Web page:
Ireland would have to increase public spending by between €14 and €18 billion to reach our EU peer group average, or between 20 and 26 percent. However, this does not factor in key variables.
As noted above, demographics drive a substantial proportion of public spending. For instance, people aged 65 and over make up 20 percent of our EU peer-group population; in Ireland, they make up 14 percent. There are two ways to adjust for this:
If we just exempted expenditure on social protection pensions, the gap between Ireland and our EU peer group would fall to between €5.2 and €8.6 billion.
If we were to adjust by assuming that Ireland has the same proportion of elderly as our EU peer group, then the spending gap would be between €9.4 and €13.7 billion.
The reason these figures differ is because not only do other EU countries have an elevated age demographic; they also spend more on pensioners (per elderly capita).
However, when we turn to young people, it is Ireland that has an elevated demographic: 27 percent of the Irish population are 19 years or younger compared to 21 percent in our EU peer group.
At the same time Ireland underspends on education on a per pupil basis. Different ways of measuring this gap shows that Ireland may be spending €2 billion less than our EU peer group average on education.
Another category impacted by a high youth demographic is social protection spending on families and children. A back-of-the-excel-sheet estimate shows Ireland, because of a higher demographic and lower per capita payments, could be spending approximately €1 billion less than our EU peer group average.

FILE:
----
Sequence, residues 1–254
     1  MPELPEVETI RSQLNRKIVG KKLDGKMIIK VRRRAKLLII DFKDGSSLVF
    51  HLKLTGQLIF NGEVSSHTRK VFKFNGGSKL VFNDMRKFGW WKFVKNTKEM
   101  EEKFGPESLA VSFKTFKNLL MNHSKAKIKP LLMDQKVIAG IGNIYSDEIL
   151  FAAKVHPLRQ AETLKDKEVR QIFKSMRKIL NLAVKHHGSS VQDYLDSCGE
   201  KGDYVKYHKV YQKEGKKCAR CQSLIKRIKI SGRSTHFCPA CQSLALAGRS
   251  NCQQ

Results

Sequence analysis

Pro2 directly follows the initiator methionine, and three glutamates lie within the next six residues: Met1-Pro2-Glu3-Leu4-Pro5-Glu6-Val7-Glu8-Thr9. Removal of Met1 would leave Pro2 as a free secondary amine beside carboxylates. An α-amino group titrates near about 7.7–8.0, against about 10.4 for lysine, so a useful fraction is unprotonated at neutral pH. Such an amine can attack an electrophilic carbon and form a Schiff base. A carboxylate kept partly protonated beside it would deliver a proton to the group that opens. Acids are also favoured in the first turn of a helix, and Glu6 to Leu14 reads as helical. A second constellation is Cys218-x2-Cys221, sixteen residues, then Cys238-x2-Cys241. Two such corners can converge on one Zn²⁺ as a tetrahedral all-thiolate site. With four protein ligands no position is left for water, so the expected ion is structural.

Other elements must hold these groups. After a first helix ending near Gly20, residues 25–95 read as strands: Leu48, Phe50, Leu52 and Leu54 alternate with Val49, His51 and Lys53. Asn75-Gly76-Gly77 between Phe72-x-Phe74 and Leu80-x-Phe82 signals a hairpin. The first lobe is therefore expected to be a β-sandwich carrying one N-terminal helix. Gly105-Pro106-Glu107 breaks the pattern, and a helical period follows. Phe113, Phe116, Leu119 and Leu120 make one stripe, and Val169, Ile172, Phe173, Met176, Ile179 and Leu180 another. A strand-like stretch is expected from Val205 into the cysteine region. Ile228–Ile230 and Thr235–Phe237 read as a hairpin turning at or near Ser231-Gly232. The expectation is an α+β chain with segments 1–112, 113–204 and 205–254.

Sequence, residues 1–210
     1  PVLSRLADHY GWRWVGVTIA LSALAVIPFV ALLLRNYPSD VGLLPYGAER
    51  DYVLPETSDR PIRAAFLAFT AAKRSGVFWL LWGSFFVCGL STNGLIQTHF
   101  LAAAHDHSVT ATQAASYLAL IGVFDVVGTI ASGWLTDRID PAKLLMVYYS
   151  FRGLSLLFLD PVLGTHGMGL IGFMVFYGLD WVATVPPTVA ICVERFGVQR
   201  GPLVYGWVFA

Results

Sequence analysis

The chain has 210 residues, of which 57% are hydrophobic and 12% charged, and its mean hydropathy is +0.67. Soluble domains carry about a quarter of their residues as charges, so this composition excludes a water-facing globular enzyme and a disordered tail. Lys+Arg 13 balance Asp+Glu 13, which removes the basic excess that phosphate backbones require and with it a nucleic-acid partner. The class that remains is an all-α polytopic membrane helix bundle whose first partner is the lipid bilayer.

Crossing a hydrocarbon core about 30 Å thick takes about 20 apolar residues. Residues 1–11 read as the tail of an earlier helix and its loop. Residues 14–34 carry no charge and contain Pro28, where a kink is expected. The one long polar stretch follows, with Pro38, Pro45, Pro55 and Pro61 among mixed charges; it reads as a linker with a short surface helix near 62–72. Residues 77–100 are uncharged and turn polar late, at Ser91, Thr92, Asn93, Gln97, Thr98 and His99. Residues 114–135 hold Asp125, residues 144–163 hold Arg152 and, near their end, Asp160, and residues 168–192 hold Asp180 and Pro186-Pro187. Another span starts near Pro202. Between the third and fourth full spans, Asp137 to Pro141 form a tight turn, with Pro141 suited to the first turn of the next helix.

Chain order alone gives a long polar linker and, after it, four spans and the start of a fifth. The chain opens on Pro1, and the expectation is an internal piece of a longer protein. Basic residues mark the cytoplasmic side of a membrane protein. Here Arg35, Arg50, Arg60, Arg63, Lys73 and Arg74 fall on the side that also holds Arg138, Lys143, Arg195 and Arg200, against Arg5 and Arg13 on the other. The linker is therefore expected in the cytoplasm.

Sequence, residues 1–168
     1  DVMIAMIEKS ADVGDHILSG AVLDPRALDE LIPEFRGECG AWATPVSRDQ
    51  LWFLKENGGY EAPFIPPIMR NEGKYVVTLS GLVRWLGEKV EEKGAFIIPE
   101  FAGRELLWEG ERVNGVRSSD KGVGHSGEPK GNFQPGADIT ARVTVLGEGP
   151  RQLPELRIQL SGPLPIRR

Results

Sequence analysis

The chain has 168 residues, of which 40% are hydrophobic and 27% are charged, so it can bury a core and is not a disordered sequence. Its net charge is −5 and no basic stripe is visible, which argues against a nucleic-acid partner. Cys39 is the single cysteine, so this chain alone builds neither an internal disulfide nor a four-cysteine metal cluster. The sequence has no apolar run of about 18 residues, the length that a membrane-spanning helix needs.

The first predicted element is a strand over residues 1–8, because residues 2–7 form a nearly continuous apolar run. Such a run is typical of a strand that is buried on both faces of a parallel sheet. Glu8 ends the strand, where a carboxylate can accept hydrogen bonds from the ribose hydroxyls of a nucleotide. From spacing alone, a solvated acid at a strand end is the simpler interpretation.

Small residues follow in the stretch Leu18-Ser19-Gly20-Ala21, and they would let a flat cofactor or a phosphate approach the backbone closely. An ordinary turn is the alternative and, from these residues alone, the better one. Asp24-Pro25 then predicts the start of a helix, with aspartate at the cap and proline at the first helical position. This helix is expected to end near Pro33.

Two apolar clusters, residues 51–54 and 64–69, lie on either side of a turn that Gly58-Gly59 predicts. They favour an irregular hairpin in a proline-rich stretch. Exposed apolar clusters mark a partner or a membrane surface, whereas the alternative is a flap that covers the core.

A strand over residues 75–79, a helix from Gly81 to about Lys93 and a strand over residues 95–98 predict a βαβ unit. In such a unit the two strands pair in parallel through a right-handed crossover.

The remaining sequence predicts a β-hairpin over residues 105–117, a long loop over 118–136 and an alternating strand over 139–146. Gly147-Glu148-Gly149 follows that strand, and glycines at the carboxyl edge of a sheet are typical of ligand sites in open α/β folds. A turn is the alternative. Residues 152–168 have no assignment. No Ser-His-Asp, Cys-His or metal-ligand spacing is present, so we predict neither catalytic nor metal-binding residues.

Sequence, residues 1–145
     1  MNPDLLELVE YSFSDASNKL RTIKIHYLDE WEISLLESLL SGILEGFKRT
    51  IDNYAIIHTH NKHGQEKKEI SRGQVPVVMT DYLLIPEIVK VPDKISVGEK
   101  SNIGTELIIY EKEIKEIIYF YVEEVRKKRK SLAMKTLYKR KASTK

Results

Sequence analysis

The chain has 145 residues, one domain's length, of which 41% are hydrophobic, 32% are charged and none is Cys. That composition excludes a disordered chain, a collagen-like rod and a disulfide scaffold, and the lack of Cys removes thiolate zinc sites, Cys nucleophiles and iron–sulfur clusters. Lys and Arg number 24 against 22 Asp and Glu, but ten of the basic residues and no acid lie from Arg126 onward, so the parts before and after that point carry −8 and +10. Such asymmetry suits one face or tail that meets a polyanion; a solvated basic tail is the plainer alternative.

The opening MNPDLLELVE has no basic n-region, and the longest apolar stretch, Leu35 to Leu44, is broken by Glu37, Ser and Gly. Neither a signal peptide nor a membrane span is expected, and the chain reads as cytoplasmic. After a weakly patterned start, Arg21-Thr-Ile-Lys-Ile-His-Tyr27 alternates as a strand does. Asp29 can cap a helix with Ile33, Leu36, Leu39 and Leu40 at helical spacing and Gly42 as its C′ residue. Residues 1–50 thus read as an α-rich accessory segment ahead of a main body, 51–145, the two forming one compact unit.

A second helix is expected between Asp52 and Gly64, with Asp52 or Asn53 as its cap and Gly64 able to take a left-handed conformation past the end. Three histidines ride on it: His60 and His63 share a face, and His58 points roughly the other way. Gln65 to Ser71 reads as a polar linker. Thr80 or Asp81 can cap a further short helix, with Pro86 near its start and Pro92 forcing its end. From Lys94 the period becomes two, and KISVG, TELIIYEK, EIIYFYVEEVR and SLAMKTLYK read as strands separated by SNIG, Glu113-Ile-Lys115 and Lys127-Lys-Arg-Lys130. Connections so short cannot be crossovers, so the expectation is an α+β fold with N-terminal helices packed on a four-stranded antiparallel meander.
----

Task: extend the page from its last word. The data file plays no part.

While we should be hesitant about putting a definitive number on it, it appears that when age-related spending is factored in, Ireland – using the conservative GNI measurement – spends somewhere between €8 and €12 billion less than our EU peer group average, and this could be an under-estimate.
Of course, merely increasing spending is no guarantee of quality or efficiency (though underspending is sure to undermine quality).
But this raises the question of our fiscal capacity to meet the current challenges: the fastest growing elderly demographic in the EU, Brexit, a global trade slowdown, the climate emergency, Eurozone stagnation and the housing crisis – to name only a few.
Increasing our fiscal capacity, however, is not something that can be done in the short term. It requires a long-term strategy consistent with the economic cycle. Raising resources for public services, social protection and investment to European levels would mark a systemic break with our historical low-spend economy.
We squandered the opportunity to start this strategy in the years following the recession, and now we are heading into what could be a storm.
Let’s hope the Government doesn’t set us back with unnecessarily tight budgets in the years ahead.
Michael Taft is a researcher for SIPTU and author of the political economy blog, Notes on the Front. His column appears here every Tuesday.